• Roman PohoreckiRoman Pohorecki, almost 5 years ago

    I have to agree with others about coding. I learned HTML & CSS because I got sick and tired of half assed implementations and developers simply saying "no, I can't do that." Most developers I've worked with avoid CSS work either because it's boring or they're bad at it. If you can build the pixel perfect front-end then you're meeting them at least halfway. This breaks down a bit for native iOS / Android development, but most software today requires a good web component anyway. They also take you a bit more seriously when you know the basics the web dev stack and the time commitments to build various functionalities.

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    • Account deleted almost 5 years ago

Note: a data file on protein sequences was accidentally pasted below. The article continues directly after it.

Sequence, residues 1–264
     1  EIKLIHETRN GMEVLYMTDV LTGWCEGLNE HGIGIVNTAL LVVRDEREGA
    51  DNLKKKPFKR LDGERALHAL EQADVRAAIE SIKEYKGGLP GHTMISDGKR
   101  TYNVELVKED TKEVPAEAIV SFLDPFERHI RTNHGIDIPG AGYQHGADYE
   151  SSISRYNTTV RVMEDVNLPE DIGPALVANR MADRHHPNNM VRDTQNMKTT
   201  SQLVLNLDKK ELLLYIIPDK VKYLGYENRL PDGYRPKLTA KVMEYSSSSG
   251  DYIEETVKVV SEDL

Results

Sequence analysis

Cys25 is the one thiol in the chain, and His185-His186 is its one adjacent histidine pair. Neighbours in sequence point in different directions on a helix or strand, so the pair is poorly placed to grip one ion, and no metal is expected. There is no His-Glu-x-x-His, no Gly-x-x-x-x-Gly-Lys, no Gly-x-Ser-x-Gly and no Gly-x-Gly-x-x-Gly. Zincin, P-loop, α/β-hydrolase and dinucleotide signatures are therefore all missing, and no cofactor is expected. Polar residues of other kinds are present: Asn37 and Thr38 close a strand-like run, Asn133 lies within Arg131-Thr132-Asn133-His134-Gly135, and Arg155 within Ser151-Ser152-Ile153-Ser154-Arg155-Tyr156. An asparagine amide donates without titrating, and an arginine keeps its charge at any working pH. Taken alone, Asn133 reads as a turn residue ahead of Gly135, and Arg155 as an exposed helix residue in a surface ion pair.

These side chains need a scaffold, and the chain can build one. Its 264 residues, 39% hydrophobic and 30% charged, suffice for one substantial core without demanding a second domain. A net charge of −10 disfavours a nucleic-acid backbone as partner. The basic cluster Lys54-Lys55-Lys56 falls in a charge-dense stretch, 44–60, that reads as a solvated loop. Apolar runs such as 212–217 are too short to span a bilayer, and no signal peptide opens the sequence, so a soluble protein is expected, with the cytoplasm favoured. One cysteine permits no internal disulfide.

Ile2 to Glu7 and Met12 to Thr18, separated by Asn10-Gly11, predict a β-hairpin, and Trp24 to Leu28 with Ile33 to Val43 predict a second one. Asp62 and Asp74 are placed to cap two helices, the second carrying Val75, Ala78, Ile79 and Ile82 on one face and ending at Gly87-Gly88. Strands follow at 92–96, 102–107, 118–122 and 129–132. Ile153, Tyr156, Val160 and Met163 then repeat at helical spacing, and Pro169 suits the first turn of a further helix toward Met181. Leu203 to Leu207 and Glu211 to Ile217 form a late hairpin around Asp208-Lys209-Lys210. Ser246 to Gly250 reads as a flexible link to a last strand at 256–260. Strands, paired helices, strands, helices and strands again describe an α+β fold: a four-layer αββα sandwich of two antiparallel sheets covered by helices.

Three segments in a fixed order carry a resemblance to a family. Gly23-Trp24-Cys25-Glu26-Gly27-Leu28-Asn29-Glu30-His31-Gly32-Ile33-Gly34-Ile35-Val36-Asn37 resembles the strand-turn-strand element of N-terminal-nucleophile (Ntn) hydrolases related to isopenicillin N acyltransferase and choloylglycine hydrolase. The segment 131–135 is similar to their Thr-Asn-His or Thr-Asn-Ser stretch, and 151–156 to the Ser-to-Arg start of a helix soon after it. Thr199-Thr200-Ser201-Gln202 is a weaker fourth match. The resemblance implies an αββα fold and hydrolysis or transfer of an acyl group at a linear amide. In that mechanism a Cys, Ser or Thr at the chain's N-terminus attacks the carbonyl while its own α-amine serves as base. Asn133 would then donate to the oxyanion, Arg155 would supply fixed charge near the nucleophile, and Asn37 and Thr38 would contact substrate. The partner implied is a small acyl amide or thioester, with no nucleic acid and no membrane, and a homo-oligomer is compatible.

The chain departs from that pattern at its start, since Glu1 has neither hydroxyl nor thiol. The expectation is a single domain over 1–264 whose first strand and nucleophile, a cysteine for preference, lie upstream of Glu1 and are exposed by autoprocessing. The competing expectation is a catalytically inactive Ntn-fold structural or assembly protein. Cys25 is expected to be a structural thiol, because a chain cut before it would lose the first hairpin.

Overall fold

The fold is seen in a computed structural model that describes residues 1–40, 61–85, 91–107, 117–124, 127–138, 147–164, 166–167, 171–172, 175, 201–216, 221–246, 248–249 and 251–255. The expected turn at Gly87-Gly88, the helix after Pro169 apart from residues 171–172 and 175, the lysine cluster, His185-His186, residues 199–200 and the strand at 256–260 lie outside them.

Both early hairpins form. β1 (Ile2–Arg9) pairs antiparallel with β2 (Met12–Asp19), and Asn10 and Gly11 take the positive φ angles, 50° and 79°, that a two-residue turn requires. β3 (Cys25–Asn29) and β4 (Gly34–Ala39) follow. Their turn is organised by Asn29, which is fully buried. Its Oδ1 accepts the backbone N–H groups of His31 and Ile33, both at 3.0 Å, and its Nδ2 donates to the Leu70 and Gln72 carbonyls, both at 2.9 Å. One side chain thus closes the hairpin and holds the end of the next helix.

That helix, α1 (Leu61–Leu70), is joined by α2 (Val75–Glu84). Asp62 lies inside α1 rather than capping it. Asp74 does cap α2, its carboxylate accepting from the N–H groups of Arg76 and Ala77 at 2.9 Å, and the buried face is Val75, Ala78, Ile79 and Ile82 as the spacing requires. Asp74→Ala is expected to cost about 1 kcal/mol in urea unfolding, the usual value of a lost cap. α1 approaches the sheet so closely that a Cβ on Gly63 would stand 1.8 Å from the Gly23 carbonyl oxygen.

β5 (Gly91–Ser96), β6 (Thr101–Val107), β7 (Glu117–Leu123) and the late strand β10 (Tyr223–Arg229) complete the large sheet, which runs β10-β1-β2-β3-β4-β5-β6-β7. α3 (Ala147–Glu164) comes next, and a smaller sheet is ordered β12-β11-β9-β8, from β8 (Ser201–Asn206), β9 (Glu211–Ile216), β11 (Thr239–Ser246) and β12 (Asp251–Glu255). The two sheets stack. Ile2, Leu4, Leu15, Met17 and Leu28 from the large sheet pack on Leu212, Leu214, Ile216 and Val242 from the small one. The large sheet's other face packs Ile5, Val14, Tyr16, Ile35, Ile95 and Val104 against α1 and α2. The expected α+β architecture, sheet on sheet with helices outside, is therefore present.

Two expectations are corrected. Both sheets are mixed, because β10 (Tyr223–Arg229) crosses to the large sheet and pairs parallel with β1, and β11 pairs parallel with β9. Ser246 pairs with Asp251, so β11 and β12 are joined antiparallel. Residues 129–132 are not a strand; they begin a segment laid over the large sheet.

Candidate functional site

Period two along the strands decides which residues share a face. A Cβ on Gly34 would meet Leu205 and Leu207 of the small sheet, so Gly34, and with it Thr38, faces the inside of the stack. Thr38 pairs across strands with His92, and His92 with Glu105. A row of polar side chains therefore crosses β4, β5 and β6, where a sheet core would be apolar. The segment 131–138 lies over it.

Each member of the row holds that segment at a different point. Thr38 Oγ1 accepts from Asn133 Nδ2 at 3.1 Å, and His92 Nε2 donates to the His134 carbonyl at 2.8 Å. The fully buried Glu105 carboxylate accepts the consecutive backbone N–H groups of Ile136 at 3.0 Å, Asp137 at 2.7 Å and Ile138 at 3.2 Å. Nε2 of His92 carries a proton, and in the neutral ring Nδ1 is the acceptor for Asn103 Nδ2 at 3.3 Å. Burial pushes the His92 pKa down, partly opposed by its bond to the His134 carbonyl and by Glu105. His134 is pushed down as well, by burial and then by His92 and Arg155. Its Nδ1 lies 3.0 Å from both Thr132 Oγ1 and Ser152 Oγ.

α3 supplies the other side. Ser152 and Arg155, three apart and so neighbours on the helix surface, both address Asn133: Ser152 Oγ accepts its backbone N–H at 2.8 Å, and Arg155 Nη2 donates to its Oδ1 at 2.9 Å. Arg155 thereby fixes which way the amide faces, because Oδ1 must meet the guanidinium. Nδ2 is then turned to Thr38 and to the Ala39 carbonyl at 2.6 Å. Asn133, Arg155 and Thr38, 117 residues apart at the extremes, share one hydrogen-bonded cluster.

IMO it's bad. You can't be great at everything. If you are talking about UI Engineering, then OK. But if it's about a UX Designer - IMO this is way too much. UXD has its own process and it certainly doesn't include actually creating the product, producing it.

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      • Andrew C, almost 5 years ago

        Yea this is accurate. But this is often dependent on the size of your company. If you’re at a 10 person start-up then helping with the front end makes sense.

        For larger products not so much.

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